Like those leathery root vegetables of winter, my great-grandmother's memory has proven itself capable of long-lasting preservation. While I may not need that root-memory for my physical survival, it sure doesn't hurt to have a whiskey-loving, no-crap-taking woman in my family tree whose roots, I hope, can channel a little of their lifeblood into my own branches from time to time!
Below are two recipes sure to fill you with comfort and warmth as we ride out these last few months of winter. These dishes are chock-full of some of the best sturdy-woman winter staples: potatoes, winter squash, beets, oranges, sage, and flour. What's so great about these dishes, though, is their delicacy, their emotional appeal. Despite the fact these recipes rely on some brawny ingredients, they become something softer when manipulated by our own hands. My great-grandmother wasn't all gruff, I'm sure--and these two dishes, I feel, make me understand the woman underneath the iron-and-steel into which legend has preserved her.Butternut Squash & Potato Dumplings with Sage-Butter Sauce
(In the Midwest, which is where I'm from, we'd call these starchy little treats "dumplings." However, you could just as easily call them "gnocchis," which is what potato dumplings are called in Italy--and throughout many parts of the U.S. nowadays. "Dumplin'" sounds more cozy, and we need all the comfort we can get this time of year!)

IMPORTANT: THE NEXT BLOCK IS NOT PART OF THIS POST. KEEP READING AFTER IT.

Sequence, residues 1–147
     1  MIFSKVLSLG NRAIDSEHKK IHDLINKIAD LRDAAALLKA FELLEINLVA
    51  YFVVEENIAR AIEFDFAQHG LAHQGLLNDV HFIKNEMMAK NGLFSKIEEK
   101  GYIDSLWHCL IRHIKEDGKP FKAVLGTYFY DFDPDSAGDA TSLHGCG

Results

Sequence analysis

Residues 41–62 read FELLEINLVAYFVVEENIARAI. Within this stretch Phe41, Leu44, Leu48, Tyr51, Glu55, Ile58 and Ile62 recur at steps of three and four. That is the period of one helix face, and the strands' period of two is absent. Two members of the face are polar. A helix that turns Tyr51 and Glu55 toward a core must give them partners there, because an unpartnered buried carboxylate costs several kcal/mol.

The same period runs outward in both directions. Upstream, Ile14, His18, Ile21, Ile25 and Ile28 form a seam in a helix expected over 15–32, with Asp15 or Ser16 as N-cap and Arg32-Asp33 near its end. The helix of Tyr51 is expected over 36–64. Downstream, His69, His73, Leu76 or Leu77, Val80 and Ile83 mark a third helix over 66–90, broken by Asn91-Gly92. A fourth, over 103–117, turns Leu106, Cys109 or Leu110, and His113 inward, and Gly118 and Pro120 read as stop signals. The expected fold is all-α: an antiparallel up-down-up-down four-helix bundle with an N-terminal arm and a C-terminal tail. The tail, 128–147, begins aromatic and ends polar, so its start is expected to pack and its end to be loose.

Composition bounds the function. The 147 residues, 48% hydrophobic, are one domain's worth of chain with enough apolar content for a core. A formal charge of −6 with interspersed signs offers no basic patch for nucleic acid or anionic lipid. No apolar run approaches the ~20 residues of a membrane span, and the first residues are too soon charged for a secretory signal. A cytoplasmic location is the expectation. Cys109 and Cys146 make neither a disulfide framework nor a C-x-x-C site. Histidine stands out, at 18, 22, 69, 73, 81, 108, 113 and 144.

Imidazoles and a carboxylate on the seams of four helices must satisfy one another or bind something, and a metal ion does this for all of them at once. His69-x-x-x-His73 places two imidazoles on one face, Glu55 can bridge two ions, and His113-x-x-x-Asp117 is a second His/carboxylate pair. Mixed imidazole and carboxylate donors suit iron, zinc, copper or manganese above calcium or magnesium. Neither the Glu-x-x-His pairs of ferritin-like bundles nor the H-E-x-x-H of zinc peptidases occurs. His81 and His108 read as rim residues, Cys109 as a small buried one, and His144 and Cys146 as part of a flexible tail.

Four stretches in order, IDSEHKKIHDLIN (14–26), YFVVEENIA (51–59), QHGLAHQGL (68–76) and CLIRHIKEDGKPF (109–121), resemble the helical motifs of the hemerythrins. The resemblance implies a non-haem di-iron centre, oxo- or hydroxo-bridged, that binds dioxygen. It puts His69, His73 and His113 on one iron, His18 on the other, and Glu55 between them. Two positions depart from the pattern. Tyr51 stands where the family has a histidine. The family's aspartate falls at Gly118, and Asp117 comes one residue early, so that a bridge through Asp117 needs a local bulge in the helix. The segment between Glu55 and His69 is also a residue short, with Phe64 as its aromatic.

1 lb. butternut squash
1 large russet potato
12 sage leaves
3 cups white flour
1 tsp. nutmeg
2 tsp. salt
1 tsp. black pepper
1. Roast 1 medium butternut squash for 45 minutes at 350. (Or, use 1 can of butternut squash.) The real thing is cheaper, though, and it yields way more meat!
2. While squash is roasting, boil peeled chunks of potato in lightly salted water. When potato is tender, drain it and allow it to dry.
3. In a large bowl, mash your potato with your squash meat. In the middle of mashing, add the nutmeg, salt, pepper, egg yolk, and 2 minced sage leaves. A dash of olive oil wouldn’t hurt, either! Continue mashing until well combined.